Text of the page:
Saturday, February 24, 2007

Chaper Six: Two Forks Up or How Radio Killed the Video Star

Interwoven among all this was a series of food, wine, beer radio shows. The first one was called, Two Forks Up on AM 1340. A weekly show featuring reviews of restaurants and wine and beer. Listeners told me that they often had to pull off the road because they were laughing too hard. It was kind of a “Wayne’s World,” approach.

The second show was on KVEC AM 920 and was called Dinning and Doing, because it was sponsored by a magazine of the same name (it was beautiful glossy mag much like the current Central Coast Magazine) and that’s when I began the format of interviewing winemakers, chefs, local food makers and wine/food event organizers or spokespeople.

The third version was also on KVEC and was called, I Heard it Through the Grapevine, which two years after it’s last broadcast, has been resurrected as Grapevine Radio, and is, imho, the best, most professional version of the show.

Chapter Five: Beer, Boomerangs, and Bourbon Street

I went on to found a video post production facility, got involved in documentary film
making projects, a music radio show, built an audio production studio and hired a graphic designer for my burgeoning marketing company, Boomerang Business Communications.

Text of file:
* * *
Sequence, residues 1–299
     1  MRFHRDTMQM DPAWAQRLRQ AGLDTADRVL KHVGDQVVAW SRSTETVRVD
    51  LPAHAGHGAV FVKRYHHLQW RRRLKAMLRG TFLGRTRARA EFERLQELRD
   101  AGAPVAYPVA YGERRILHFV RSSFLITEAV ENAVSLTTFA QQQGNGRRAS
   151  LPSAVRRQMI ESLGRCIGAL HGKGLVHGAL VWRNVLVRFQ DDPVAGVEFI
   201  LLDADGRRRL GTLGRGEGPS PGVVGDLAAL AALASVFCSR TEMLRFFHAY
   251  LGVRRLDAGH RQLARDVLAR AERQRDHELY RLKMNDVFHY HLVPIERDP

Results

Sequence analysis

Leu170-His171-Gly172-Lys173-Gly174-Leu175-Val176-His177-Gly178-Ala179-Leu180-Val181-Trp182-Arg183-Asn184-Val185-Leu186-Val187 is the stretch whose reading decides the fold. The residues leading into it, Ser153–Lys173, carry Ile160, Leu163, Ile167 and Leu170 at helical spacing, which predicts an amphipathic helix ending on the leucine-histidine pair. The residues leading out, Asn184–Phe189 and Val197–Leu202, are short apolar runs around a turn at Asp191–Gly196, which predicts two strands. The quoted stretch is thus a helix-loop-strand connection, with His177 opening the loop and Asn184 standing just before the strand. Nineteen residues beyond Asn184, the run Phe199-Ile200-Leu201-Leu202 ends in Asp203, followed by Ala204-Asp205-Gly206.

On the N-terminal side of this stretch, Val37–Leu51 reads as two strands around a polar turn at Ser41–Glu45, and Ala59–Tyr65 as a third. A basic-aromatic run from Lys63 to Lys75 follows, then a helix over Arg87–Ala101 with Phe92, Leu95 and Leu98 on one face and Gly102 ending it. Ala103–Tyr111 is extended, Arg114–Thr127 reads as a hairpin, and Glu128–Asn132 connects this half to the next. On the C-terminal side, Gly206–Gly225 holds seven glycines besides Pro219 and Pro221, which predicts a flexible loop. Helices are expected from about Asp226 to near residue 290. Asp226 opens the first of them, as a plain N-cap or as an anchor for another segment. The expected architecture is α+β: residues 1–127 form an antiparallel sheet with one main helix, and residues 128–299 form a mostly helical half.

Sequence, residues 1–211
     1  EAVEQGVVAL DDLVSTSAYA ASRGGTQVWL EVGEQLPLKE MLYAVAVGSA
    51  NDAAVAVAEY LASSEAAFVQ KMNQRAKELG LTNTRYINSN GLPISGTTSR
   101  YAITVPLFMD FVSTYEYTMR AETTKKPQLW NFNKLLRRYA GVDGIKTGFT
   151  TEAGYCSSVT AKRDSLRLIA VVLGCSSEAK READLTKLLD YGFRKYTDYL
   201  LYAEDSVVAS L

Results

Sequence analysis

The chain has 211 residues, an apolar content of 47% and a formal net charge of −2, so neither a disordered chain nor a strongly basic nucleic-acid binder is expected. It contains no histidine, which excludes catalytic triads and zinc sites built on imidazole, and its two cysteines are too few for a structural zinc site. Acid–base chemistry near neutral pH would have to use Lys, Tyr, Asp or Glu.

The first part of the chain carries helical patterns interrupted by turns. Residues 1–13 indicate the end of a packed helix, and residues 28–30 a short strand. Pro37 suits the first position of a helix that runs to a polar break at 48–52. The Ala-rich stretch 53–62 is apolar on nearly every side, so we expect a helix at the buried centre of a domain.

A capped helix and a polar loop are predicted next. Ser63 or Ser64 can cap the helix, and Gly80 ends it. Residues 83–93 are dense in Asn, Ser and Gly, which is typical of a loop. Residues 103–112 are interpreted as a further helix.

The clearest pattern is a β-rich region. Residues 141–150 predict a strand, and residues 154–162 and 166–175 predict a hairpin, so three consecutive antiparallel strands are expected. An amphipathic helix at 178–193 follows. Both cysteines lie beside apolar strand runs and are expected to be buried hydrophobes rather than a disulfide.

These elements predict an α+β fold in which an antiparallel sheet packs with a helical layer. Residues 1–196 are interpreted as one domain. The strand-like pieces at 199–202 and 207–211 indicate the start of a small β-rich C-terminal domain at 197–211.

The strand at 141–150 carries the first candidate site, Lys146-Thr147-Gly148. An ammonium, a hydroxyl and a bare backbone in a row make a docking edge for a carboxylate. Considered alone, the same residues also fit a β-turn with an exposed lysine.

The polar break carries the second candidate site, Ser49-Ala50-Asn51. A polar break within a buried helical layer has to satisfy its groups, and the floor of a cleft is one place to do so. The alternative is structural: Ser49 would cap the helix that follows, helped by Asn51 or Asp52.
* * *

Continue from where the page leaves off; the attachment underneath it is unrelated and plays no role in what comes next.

Then it was off to devise a promotional program for the Festival of Beers which expanded attendance so dramatically it had to move to it’s current Avila Beach location (it was originally in the parking lot of the Graduate).

Next I conceived of and negotiated the permit maze to create the first daytime Mardi Gras event (turning Garden Street into Bourbon Street) which grew quickly and after two years had to be moved to Mission Plaza.

By this time I was also deep into promoting the SLO Brewing Co. and helped launch their national bottled beer program.

Chapter Four: This Could Be the Start of Something Big

At one of our wine marketing group’s monthly meetings I commented that with an industry with this many members they should consider forming a trade association.

Vic Dunlop (Victor Hugo Winery) who was then the winemaker for Creston Winery, spoke up, “You know there’s a draft document for a vintners and growers association that’s been sitting in a filing cabinet for three years.” I shot back, “Well, Vic let’s dust that sucker off and bring it to the next meeting!”

Right about that time July Ackerman had just moved to Paso from Hawaii and had been hired as the Paso Chamber’s wine industry liaison. The first meeting of our group that she attended happened to be the one that Vic brought in the dusty document that outlined what soon became, The Paso Robles Vintners & Growers Association (now known as the Paso Robles Wine Country Alliance).

Chapter Three: What to do When Someone Whines, “I Don’t Wanna Go Wine Tasting.”

By the late 80’s there were about 35 wineries throughout the county and this is when I decided we needed a touring and tasting map of the area. Oh, there was a wine tasting may put out by the Paso Chamber but it only showed wineries. My reasoning was that if you had a group of four people planning a trip to somewhere and just one of them didn’t care for wine, they would veto the adventure if you were trying to entice them with a map that made it seem as if the only attractions in the area were wineries.